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ㆍ 제목 Association of sleep and fatigue with decision regret among critical care nurses
ㆍ 조회수 4861 ㆍ 등록일시 2014-01-30
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Association of sleep and fatigue with decision regret among critical care nurses

 

Am J Crit Care. 2014 Jan;23(1):13-23. doi: 10.4037/ajcc2014191.

 

Abstract

 

Background The effects of inadequate sleep on clinical decisions may be important for patients in critical care units, who are often more vulnerable than patients in other units. Fatigued nurses are more likely than well-rested nurses to make faulty decisions that lead to decision regret, a negative cognitive emotion that occurs when the actual outcome differs from the desired or expected outcome. Objectives To examine the association between selected sleep variables, impairment due to fatigue, and clinical-decision self-efficacy and regret among critical care nurses. Decision regret was the primary outcome variable. Methods A nonexperimental, descriptive design and extant measures were used to obtain data from a random sample of full-time nurses. Binary logistic regression models were used to examine the association between sleep variables, fatigue, and clinical-decision self-efficacy and regret. The discrimination of the models was compared with the C statistic, the area under the receiver operating characteristic curve. Results A total of 605 nurses returned the questionnaires (17% response rate). Among these, decision regret was reported by 157 of 546 (29%). Nurses with decision regret reported more fatigue, more daytime sleepiness, less intershift recovery, and worse sleep quality than did nurses without decision regret. Being male, working a 12-hour shift, and clinical-decision satisfaction were significantly associated with decision regret (C statistic, 0.719; SE, 0.024). Conclusion Nurses who experience impairments due to fatigue, loss of sleep, and inability to recover between shifts are more likely than unimpaired nurses to report decision regret.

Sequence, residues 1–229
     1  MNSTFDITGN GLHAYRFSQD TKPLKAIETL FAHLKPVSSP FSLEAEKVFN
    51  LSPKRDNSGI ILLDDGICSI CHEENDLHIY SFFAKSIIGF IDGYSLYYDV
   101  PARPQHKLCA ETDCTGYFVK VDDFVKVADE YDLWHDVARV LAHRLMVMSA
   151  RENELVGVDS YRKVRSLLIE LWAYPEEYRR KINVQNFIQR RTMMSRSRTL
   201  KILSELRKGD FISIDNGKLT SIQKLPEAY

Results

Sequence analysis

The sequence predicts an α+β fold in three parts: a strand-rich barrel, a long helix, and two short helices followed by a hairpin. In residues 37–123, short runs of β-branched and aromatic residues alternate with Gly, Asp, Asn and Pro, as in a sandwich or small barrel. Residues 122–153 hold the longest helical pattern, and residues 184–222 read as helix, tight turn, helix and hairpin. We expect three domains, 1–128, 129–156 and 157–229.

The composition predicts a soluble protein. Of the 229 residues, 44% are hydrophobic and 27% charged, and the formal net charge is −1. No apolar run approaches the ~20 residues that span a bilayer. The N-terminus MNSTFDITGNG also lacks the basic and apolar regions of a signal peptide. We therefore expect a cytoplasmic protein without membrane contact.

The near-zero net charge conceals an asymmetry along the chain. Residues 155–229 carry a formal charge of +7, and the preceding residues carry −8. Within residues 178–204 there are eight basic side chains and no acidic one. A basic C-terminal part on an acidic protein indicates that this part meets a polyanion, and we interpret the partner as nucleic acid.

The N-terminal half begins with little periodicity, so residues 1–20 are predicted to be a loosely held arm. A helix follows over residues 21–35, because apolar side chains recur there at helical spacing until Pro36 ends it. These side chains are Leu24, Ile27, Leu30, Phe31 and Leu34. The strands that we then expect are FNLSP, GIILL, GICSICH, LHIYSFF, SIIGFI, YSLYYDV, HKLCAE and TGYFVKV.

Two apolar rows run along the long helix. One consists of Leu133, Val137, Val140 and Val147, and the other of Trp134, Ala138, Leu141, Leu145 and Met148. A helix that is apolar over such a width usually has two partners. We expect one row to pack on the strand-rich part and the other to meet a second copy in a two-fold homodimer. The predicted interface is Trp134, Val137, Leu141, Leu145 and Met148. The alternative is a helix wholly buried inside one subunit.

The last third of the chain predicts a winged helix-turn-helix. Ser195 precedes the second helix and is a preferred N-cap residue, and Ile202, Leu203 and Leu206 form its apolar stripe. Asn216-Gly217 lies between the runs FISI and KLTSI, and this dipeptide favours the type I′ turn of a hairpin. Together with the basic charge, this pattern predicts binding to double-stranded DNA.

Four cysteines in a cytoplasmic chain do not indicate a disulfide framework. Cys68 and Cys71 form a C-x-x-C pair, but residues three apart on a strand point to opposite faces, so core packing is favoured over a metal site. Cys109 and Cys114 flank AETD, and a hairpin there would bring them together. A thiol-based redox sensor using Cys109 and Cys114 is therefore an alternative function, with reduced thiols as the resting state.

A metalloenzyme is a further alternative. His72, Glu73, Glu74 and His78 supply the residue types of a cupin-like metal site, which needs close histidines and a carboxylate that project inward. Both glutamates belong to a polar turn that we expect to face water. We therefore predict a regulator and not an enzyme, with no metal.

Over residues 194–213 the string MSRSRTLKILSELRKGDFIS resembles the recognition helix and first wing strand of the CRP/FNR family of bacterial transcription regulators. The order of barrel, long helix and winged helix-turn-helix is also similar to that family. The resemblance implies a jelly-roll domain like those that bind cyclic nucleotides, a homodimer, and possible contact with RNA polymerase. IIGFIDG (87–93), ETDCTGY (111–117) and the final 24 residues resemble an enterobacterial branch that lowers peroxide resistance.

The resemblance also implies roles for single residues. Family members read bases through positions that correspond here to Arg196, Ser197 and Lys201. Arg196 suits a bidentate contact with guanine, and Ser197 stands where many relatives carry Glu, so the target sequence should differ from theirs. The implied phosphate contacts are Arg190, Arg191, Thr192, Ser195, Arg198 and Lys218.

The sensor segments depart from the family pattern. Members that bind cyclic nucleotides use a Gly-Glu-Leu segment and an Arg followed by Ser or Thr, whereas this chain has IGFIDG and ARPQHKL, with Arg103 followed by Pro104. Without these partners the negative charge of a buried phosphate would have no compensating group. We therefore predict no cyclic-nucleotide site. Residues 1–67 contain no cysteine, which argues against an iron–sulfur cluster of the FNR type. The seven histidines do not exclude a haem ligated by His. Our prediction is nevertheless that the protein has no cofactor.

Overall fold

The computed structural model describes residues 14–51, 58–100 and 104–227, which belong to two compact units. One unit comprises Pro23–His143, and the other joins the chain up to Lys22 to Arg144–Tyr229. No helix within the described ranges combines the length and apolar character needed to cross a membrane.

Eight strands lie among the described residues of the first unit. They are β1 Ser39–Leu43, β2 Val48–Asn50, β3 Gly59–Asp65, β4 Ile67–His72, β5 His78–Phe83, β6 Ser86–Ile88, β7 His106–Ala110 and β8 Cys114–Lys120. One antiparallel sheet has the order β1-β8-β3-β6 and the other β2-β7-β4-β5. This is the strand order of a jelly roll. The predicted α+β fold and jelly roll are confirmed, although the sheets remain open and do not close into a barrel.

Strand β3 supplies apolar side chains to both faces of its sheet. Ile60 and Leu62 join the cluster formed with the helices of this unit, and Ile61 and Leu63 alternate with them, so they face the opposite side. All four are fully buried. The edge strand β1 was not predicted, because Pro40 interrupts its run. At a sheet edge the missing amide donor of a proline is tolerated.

http://www.ncbi.nlm.nih.gov/pubmed/24382613

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